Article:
Don’t sweat it

Students find heat complicates daily activities

A man walks his dog through campus on Wednesday, July 6.

A man walks his dog through campus on Wednesday, July 6.

Madison Dennis | Editor-in-Chief

Liz Cranor, sophomore in advertising, tries to run 3.1 miles every day.
“It’s been my workout for a long time­ – a 5k,” Cranor said.
However, with the recent heat index reaching up to 105 degrees, Cranor has been getting out of shape.
Rob Hefley, professor in health, human performance and recreation, said that the summer heat has a marked negative impact on those who spend active time outdoors.
“Heat illness is a lot like a hydroelectric power plant,” Hefley said. “You need water to keep things running, and when you start losing water, you start losing power. It starts affecting the neural system.”
Cranor says that she has recently taken to cutting her runs short, despite starting in the evening.
“It just gets to the point where no matter how easy my pace is or how much water I drink, I’m still feeling weak and sick if I’m working out outside,” Cranor said. “I really hate running on treadmills, so I’m kind of stuck until things cool down.”
Hefley says that most symptoms of heat illness are related to dehydration.
“You really have to drink past when your thirst sensors are satisfied before you’re replenished,” Hefley said. Hefley also says that although you might drink enough water one day, that doesn’t guarantee you won’t get dehydrated later.
“If you’re not getting enough water day after day, over the course of a few days your body will become very dehydrated. Just drinking enough for one day won’t be enough,” Hefley said.
Taylor Johnson, sophomore in education, says that she often plays pickup basketball games outside, until it starts to get hot.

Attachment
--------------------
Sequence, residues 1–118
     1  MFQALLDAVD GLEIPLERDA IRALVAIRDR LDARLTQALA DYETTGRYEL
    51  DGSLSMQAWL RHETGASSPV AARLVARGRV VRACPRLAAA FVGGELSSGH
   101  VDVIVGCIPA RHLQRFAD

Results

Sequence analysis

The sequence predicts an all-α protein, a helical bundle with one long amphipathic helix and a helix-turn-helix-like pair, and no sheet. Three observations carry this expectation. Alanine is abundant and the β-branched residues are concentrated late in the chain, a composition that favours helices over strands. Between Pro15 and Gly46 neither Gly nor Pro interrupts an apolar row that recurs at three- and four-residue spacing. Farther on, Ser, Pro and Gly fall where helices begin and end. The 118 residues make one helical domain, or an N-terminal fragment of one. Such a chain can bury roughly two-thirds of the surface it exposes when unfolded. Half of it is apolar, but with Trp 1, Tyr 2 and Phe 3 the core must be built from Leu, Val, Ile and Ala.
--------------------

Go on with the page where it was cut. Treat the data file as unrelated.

“I’m lucky because I like to play whether it’s indoors or outdoors, so I’ve already moved inside for the summer,” Johnson said. “There’s definitely a difference in performance, though, because when you’re outdoors the game starts to lag a lot faster and people want the games to be shorter. You’ll play to 30 indoors and to 15 outdoors.”
Johnson says that she has occasionally had to sit out a game because of heat exhaustion.
“There’s been a few times where I’ve been really into the game and not wanted to quit, and felt really dizzy and weak and had to sit it out,” Johnson said. “Having to play inside all the time, you miss the variety of people that you play outside.”
“A combination of heat and lack of water can raise your internal body temperature past what’s healthy,” Hefley said. “The best thing to do is just use common sense.”
Hefley also says that certain demographics are more prone to heat illnesses than others, including children, senior citizens and the overweight.
Beyond keeping hydrated, Hefley says that getting acclimated to the high temperatures can help the body adjust to the stress.
“One of the biggest factors is being acclimated,” Hefley said. “If you know you’ll want to be outdoors a lot, take a week to spend outside and that can really help.”
Hefley also says that physical fitness has little to do with who is affected by heat illness. “Even highly trained athletes can suffer,” Hefley said. “Everyone’s prone to it.”

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